By Francisco Alvarado
By Trevor Bach
By Chris Joseph
By Michael E. Miller
By Allie Conti
By Keegan Hamilton and Francisco Alvarado
By Jake Rossen
By Allie Conti
In the early-morning hours of Friday, July 25, 2002, Kevin Moore walked down SE Second Avenue in Deerfield Beach. The skinny, five-foot-nine-inch 23-year-old stopped in front of 1101 SE Second Ave., a yellow two-bedroom house that belonged to 92-year-old Yvonne Moss.
Aiming to collect $30 for painting two iron bars earlier that week, he walked up to the white front door and found it unlocked. He ambled into Moss' living room and then continued on to the kitchen, where he found a roll of clear packaging tape and a black-handled knife with a long, sharp blade. Next, he entered the bedroom, dropped the tape on the floor, and climbed atop Moss' slight frame, holding the blade to the neck of the sleeping elderly woman.
He pushed his jean shorts down to his ankles and pulled Moss' beige nightgown above her waist. Moss awoke and struggled. Moore held her down. With his free hand, he alternately massaged himself and touched Moss. He climaxed. Moss fought. Moore continued to restrain his victim for a few seconds before relinquishing his hold and slicing an opening into the 92-year-old woman's neck. Then he slashed her throat again. And again. Blood pooled beneath Moss' head. Moore took a pillow and covered his victim's pale white face. She was dead.
On his way out, the intruder took a gray belt and slipped it through the loops of his shorts. He walked four blocks back to his uncle's duplex, picked up a change of clothes, and then continued to a Mobil gas station on Federal Highway. In the bathroom, he rinsed his soiled clothing and placed it in a garbage can, leaving the stolen belt in the loops of his shorts.
Alex Regas, an employee of the gas station, walked into the bathroom as Moore changed. He startled the young man, who the attendant later told police had "wacky eyes." (The pupil of Moore's left eye points permanently to the bridge of his nose, making him cross-eyed.) Regas left, telling Moore he'd come back later to clean. Moore then walked out and caught a bus heading toward Fort Lauderdale.
That morning, David Moss, a 45-year-old private investigator, arrived at his mother's house to help prepare her meals for the day. After he found her body, Moss called police. "I'm never going to forget this," he says of the incident. "When that's the last thing you view of your mother, it's hard to get closure."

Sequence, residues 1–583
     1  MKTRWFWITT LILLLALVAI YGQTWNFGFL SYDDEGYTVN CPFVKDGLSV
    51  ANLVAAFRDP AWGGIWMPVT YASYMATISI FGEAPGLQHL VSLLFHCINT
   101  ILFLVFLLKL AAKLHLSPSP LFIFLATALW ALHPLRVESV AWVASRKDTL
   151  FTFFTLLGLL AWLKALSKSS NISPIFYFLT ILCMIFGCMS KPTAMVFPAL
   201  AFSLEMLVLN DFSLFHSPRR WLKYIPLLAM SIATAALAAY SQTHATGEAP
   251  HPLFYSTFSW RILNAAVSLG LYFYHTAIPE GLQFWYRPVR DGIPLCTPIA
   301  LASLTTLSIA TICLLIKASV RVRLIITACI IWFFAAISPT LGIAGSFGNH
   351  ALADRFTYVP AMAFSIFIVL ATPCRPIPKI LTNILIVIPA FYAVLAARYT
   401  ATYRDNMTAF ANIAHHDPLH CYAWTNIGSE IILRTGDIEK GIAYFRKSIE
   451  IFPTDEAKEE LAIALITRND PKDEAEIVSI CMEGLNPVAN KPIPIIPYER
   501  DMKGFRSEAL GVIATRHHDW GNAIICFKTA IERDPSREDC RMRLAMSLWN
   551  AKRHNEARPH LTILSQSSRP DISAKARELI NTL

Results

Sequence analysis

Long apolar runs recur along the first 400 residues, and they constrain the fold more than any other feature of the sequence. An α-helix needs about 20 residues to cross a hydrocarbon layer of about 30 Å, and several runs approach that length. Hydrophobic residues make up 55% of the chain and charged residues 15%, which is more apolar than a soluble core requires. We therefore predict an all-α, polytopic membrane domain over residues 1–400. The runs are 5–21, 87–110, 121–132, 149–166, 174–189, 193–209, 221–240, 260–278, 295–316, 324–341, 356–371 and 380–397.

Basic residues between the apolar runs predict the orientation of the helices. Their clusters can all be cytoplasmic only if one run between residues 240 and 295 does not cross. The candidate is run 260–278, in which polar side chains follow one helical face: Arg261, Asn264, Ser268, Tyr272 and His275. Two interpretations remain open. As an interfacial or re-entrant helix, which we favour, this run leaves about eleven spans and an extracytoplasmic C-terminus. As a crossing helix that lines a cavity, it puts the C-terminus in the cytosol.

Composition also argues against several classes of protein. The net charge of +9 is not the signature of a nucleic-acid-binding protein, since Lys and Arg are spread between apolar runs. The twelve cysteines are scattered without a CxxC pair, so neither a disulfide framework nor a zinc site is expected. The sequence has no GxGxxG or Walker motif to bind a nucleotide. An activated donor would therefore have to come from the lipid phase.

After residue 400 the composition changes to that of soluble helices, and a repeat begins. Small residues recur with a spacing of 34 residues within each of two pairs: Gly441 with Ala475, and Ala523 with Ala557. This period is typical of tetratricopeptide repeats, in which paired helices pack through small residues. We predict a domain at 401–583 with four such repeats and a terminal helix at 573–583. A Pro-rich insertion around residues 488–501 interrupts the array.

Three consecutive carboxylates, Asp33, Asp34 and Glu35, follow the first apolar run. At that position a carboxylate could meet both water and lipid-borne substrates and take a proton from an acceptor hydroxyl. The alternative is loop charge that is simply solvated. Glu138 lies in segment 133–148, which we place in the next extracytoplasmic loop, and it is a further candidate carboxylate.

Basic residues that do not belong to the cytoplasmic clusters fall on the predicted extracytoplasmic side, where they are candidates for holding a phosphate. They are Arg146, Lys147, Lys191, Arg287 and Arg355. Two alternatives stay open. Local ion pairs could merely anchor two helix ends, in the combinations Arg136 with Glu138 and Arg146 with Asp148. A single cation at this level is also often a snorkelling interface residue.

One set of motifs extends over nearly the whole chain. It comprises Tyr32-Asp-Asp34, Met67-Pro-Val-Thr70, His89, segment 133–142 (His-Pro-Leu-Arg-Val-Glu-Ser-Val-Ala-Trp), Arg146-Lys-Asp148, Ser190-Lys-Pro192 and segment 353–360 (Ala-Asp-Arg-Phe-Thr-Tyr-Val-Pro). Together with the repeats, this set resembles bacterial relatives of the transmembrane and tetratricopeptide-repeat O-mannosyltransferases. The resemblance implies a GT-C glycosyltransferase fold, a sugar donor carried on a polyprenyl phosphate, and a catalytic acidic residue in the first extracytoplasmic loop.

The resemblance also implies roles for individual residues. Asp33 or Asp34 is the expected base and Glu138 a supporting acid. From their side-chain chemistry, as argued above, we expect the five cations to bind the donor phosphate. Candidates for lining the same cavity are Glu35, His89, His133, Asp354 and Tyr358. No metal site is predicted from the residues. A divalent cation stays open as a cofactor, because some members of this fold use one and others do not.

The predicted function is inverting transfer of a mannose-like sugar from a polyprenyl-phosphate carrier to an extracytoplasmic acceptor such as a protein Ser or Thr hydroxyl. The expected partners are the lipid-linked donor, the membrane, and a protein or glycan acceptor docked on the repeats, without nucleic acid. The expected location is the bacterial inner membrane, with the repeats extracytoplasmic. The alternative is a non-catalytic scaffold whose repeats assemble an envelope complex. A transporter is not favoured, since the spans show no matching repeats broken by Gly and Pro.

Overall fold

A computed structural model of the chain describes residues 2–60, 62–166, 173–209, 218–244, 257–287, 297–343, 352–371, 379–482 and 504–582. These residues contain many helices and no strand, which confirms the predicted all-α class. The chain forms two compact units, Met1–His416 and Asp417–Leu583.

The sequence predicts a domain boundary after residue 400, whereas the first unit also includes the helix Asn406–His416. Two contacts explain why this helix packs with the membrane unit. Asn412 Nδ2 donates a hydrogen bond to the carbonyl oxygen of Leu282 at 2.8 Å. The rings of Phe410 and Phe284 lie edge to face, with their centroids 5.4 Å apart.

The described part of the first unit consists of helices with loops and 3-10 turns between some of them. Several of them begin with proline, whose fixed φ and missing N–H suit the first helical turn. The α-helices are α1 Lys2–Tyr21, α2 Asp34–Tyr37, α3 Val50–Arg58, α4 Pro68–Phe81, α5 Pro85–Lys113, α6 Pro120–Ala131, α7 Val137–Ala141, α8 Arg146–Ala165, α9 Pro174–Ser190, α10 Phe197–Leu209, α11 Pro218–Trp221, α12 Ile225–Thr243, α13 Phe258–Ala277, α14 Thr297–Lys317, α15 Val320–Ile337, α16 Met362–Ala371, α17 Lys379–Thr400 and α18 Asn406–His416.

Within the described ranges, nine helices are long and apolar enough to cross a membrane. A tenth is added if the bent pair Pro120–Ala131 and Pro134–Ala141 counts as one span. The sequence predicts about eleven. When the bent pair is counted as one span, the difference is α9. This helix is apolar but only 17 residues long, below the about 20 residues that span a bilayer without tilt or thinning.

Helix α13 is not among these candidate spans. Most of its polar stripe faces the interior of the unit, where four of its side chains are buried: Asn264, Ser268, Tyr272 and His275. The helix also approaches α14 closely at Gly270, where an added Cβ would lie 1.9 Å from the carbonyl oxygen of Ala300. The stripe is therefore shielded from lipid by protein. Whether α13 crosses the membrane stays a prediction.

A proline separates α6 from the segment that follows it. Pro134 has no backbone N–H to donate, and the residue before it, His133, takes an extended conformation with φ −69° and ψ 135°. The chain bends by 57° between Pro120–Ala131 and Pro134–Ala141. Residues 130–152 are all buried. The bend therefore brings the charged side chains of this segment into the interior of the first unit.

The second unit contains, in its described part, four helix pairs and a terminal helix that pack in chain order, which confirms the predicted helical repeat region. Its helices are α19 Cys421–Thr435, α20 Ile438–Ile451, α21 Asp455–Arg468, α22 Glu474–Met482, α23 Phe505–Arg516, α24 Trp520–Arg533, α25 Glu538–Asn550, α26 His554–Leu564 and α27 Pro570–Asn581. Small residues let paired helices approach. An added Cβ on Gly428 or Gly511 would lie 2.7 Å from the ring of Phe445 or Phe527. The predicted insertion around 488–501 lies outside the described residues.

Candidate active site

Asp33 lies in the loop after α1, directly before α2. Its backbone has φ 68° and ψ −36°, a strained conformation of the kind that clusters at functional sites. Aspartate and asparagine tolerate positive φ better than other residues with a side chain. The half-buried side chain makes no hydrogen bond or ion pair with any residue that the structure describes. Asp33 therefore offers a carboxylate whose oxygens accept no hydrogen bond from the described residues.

During the next week, the Broward Sheriff's Office pieced together the crime. Investigators gathered Moss' stolen belt and the attacker's discarded clothing, then took testimony from neighbors about a cross-eyed man who had trawled the neighborhood hoping to cut a deal turning green lawn clippings into green cash.
On August 23, 2002, the Broward State Attorney's Office charged Moore with first-degree murder and requested the death penalty. But Moore was spared execution on December 12, 2003, when he accepted a plea for life in prison. His indictment has since turned into something much more than a way to punish a man for killing an elderly woman. Complicating this case was the fact that Moore is mentally challenged; his 54-point intelligence quotient is 16 points below the line for retardation. Over the past 17 months, lawyers prosecuting and defending the alleged murderer have exposed possible problems in Florida law and raised questions about whether a mentally disabled man's crime can be so heinous that he deserves to die.
Seventy percent of Americans support the death penalty, according to a recent Gallup poll. But the country, on both state and federal levels, has spent the past decade debating how capital punishment should affect the mentally disabled. The issue first came before the U.S. Supreme Court in 1989, in the case of Texas murderer Johnny Paul Penry. At the time, the court did not prohibit Texas from executing the mentally disabled murderer, but in a majority opinion, Justice Sandra Day O'Connor explained that "evolving standards of decency" could one day sway the court.
In the years that followed the ruling, 16 state legislatures, including that of Florida, prohibited execution of the mentally disabled. In 2001, the Sunshine State added to the books Statute 921.137, which allows a judge to spare a mentally disabled person from death after a jury decides upon capital punishment.
One year later, the issue returned to the U.S. Supreme Court when it considered the case of a brutal killer from Virginia, Daryl Renard Atkins, whose 59-point IQ qualified him as mentally disabled. On August 16, 1996, Atkins and his friend William Jones spent the day drinking and smoking marijuana. That evening, Atkins borrowed a gun, and the pair went to a convenience store for beer. They panhandled until about 11:30 p.m., when they held up a patron, Eric Nesbitt; they took $60 from his wallet and then forced him to withdraw an additional $200 from an ATM. Afterward, Jones suggested that they tie up their captive. But Atkins had another idea. After driving to a secluded location, Atkins pulled Nesbitt out of the truck and shot the man eight times, killing him. The two were later arrested, and Jones testified against his friend.
A Virginia jury convicted Atkins of first-degree murder. His attorneys argued that the killer was unfit for the death penalty. In Virginia, as was the case in many states, mental deficiencies were considered mitigating circumstances. Atkins' low IQ might have qualified him for that description, but he carried out a sophisticated crime and was seemingly intelligent, according to trial evidence. In interviews with psychologists, he showed that he knew John F. Kennedy was president in 1961 and could provide the names of Virginia's two previous governors. Jurors were not convinced that the man was in fact mentally retarded. As a result, they unanimously chose to sentence him to death.